While cleaning tanks with fry, I discovered this egg raft, probably from a Chaoborus phantom midge. The mother has emerged in the fish tank, and laid her eggs on the surface.
This is how I grow fish at home during winter. They are hatched in a small Peltier incubator, and kept in there for a few days with Artemia as the main feed.
After that they are transferred to relatively flat boxes with tap water, rain water and java moss. The food then becomes a mix of Artemia, Daphnia, copepods and tubifex or blackworm. Great at that point is that mortality can be almost avoided completely if the tanks are not crowded. You should count an Austrolebias alevin from a small species per 150 square centimeter tank surface. For large species, count two to three times that surface.
At these low densities, the fish will grow to maturity without problem. In the stack: Cynopoecilus melanotaenia (Paso del Dragon), Austrolebias charrua (Canal Andreoni), Austrolebias patriciae (Cruce Ferrocaril), Austrolebias vandenbergi (Talon Cansado), Austrolebias reicherti (Paso del Dragon), Austrolebias luteoflammulatus (Ruta 15km7.5, Canal Andreoni), Austrolebias gymnoventris (Velasquez).
Inside the wooden house, there is still fry approaching maturity. They were born a few weeks ago and have been fed once with Artemia, after that with pond invertebrates. Now they will need to overwinter at relatively small sizes and without heating. Critical to make this work seems to be using tanks with a large surface and low depth and to have sufficient thermal mass in the house. When I see a plastic box in a shop, I get the feeling I can predict how many I can raise in there to maturity, just by looking at the surface area. Maybe it’s time now to start experiments on density-dependent growth and survival in my fish.
In the house I also store orchids (Zygopetalum), palm trees (Archontophoenix) and citrus (Yuzu, finger lime) during winter and cuttings of Physalis Peruvian groundcherry.
May and June are for hatching alevins and raising them. I’ve noticed that I keep on getting the same numbers of juveniles for each tank size or type. There are some species effects of course but things are rather predictable, as if their populations are regulated. So I can more or less calculate how much fish I can breed like this per year. The alevins are hatched with rain water after storage at home for at least five months. Then they are fed Artemia once, and a mix of zooplankton after that. I tend to keep them inside for the first two weeks, but I’m thinking of changing that, because I have bigger tanks outside. This is of course not what you should do when you have for example only two alevins of a precious species to save your population. Then put them next to your bed.
For a while I try to raise small fish without much Artemia. It decays when not eaten, it can feed predators of the fry. I’m down to two to three feedings of Artemia now, without much mortality. From day one, I add a mix of living invertebrates to the tanks, as in the video. Chaoborus larvae are removed from the mix, large Culex as well. The tank gets some tap water so that the water does not remain too soft and abundant java moss. Per day, some extra (rain) water is added and food if necessary. For this extensive setup, population density is critical: the tank surface per individual should be some 100 square centimeter. So for really large groups, I need to switch back to an intensive setup with water changes etcetera.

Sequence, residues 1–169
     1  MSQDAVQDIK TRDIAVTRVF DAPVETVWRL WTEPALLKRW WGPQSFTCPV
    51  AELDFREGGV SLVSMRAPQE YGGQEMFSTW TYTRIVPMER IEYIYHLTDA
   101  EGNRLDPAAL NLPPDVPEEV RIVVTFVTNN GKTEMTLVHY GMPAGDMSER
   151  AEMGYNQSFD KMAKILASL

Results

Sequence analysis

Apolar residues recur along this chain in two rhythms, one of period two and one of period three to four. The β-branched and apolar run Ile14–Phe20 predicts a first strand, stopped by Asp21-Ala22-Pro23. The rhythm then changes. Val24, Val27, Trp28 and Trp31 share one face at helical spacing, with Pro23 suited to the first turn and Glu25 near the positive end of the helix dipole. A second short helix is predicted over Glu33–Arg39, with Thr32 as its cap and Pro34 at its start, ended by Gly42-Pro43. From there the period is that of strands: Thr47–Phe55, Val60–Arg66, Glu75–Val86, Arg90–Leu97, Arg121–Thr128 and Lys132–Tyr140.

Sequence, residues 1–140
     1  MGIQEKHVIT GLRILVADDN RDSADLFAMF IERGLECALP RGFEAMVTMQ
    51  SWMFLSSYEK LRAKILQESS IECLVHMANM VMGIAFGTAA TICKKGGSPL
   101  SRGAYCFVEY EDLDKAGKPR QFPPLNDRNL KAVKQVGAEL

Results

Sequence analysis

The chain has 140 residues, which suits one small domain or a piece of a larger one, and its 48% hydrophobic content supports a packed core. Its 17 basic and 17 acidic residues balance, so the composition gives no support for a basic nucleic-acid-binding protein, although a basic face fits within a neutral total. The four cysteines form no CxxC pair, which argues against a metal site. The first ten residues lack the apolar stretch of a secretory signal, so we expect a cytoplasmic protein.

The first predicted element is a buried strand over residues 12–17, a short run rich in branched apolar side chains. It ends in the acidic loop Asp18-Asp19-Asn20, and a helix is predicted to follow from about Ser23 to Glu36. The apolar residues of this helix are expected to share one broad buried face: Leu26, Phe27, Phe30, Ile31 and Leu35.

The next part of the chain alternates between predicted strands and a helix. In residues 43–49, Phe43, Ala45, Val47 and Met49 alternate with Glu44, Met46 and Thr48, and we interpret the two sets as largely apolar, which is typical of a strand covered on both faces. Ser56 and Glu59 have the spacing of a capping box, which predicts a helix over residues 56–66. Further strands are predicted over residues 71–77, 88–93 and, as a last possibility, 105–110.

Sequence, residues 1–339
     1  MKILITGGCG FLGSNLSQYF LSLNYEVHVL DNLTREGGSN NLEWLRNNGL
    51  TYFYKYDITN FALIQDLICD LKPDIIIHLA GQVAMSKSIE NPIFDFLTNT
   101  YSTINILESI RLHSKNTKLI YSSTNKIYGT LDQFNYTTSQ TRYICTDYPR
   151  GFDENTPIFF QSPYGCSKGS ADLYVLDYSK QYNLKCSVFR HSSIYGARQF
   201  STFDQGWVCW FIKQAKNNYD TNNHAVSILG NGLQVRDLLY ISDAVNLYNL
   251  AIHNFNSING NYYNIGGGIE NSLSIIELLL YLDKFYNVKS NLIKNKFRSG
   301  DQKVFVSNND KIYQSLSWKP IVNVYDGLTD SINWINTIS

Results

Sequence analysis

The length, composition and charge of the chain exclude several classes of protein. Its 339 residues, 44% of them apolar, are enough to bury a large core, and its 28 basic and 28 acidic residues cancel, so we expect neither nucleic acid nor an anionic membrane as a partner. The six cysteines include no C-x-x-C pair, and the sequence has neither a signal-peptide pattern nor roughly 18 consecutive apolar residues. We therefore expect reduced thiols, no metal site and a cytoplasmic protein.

Juveniles are piling up. I initially keep them per one to four in small one liter containers, until they are about 1 cm. Then they are transferred to shallow 10 liter trays or larger tanks. Much of what I raise at the moment is on this shelve, some 20 containers. All containers are checked daily, the fish fed, etc. Mortality is very low like this. The room has only mild heating, but I do make sure it’s warm enough for at least a few hours so the fry eat daily. The temperature does not drop below about 14 degrees. The most difficult and precious fry are not here but kept inside a small incubator for their first weeks.
October. It’s getting chillier at night. I have stopped hatching in the wooden garden house. The fry that hatched in September, is still being fed with small zooplankton and some Artemia added once or twice a week. That goes fine so far. Growth rates seem OK, so that I expect them to sex out in a few weeks. Meanwhile, I am checking all my boxes with peat, to find out which ones have many eggs and which ones few. Autumn and winter are good periods to plan the coming year…
Sometimes the weather is just not doing what you need. Recently hatched fry seem most sensitive to this, according to my impression. Some species seem to suffer more from cold nights than others. I’m using a small and relatively cheap Peltier incubator (Herp Nursery II) to keep some fry at relatively constant temperatures. What I do at the moment is raise the temperature to 25 degrees (C) during the day, and lower it to 20 when I go to bed. It seems to work well! Alevins of Austrolebias patriciae “Fontana”, aff. patriciae and paucisquama “Sao Sepe” all eat, grow and survive very well.